“We observe the eggs under the microscope. When they’re all thawed out we inject the eggs with sperm then once the embryos have been created they are put in little drops of fluid containing nutrients, proteins and amino acids to support the development of the embryos. This is when we begin to see the embryos growing. After selecting the best embryo – the one that not only looks good but has developed according to physiological parameters – the rest can then be frozen.”
There’s also that small matter of what happens to your unused eggs – a decision which, thankfully, can only be made by the woman. The options are to discard eggs, donate them to medical research or donate them. Surprisingly Dr Nardo has never come across any woman who has decided to donate her unused eggs.
He said: “Generally they’d rather the eggs go to research than being discarded or going to others. In this country unless you have your own donor it’s very difficult to find a donor because it’s not anonymous. The child has the right to find out how he or she was conceived and it’s for that reason we have less and less donors.”
The best time for building your career is between the ages of 25-35. Coincidentally the best time for having a baby is between the ages of 25-35. Egg freezing certainly seems as though it could take the edge off what feels like mutually exclusive life goals, but it comes at a price. And we’re talking thousands of pounds.
Cost aside there’s your health to consider. Though often the source of optimism and expectation for many couples, IVF can be a very difficult emotional and physical journey that sadly doesn’t always work for everyone.
So would I freeze my eggs? I wouldn’t rule it out.
It’s not so much a lifestyle choice as knowing and understanding the options and keeping them open. Because ultimately, it’s one thing to think ‘it’s just not the right time’ and another to find out ‘I'll never have the choice’.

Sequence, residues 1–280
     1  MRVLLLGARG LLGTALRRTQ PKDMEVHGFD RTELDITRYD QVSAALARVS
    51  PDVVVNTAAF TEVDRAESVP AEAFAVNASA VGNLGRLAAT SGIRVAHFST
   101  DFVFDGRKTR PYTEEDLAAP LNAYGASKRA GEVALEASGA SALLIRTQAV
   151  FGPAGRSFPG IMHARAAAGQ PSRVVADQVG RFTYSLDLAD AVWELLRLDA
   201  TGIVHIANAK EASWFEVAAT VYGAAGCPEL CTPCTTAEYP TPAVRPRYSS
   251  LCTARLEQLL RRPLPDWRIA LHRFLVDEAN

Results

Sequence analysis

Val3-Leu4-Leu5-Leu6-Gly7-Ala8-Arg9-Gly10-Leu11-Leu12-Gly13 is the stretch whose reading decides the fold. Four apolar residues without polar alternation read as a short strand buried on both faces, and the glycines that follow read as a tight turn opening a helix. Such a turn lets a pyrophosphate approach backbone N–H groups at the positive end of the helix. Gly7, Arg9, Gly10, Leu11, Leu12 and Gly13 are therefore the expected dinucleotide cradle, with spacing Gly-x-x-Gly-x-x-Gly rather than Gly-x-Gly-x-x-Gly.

Follow Lynda on Twitter @lyndamoyo
Dr NardoDr Luciano G Nardo is a Consultant in Gynaecology and Reproductive Medicine. He is a Director of Conceive International and GyneHealth (0161 834 6065 or email firstname.lastname@example.org) - a comprehensive multidisciplinary independent sector service for women's health. He sees private patients regularly at his clinics in central Manchester, Cheshire and London, and is supported by a team of consultant colleagues, specialist nurses, counsellors, acupuncturists, reflexologists, dieticians, physiotherapists and administrative staff.
Advice from Dr Nardo about Egg Freezing
Egg Costs: “Egg freezing costs £3,500 for the treatment (not including the IVF required for the pregnancy afterward).”
Age: “Ideally you want to be older than 21 and under 40 for egg freezing. But if someone has breast cancer at 41 or 42 but good ovarian function we can still try to do it.”
Social freezing: “Remember you may not use the eggs as you may get pregnant naturally. Eggs won’t be used unless you decide to use them later. The options for unused eggs are to be discarded, donated or used for research.”
Medical freezing: “This is when you’re more likely to use your eggs. Getting pregnant however is not just dependant on eggs so freezing eggs is not a guarantee of pregnancy.”
No guarantees: “Not all women wanting to have fertility preservation are good candidates for it. Some may have poor ovarian function, in which case there’s nothing you can do.”
Cancer patients: “Some cancer patients want to preserve their eggs before chemotherapy. If the patient is in their mid 40s it’s very different to a patient in their mid 30s. Cancers that happen more commonly in young women are breast cancer and lymphoma and it’s because of the younger age range that these two types of cancer patients are probably associated with a better outcome from egg freezing.”
Risks: “As with normal IVF, egg collection and injections could induce hyper stimulation. However there are no specific risks associated with children born from frozen eggs.”
Mixed up eggs: “There is a witnessing system for everything in IVF done with tags. There was a mix up once just before the witnessing system was introduced. The mix up was in Leeds when a white couple had a black child.”
Genetic screening: “Our new clinic will be the only IVF centre outside London with a genetic centre. Genetic screening of the embryos costs £2,000 and serves to eliminate embryos affected by genetic diseases such as breast cancer BRCA 1 and 2 genes.”
Designer babies: “Using genetic screening to select sex or eye colour is not legal in the UK and I disagree with it anyway.”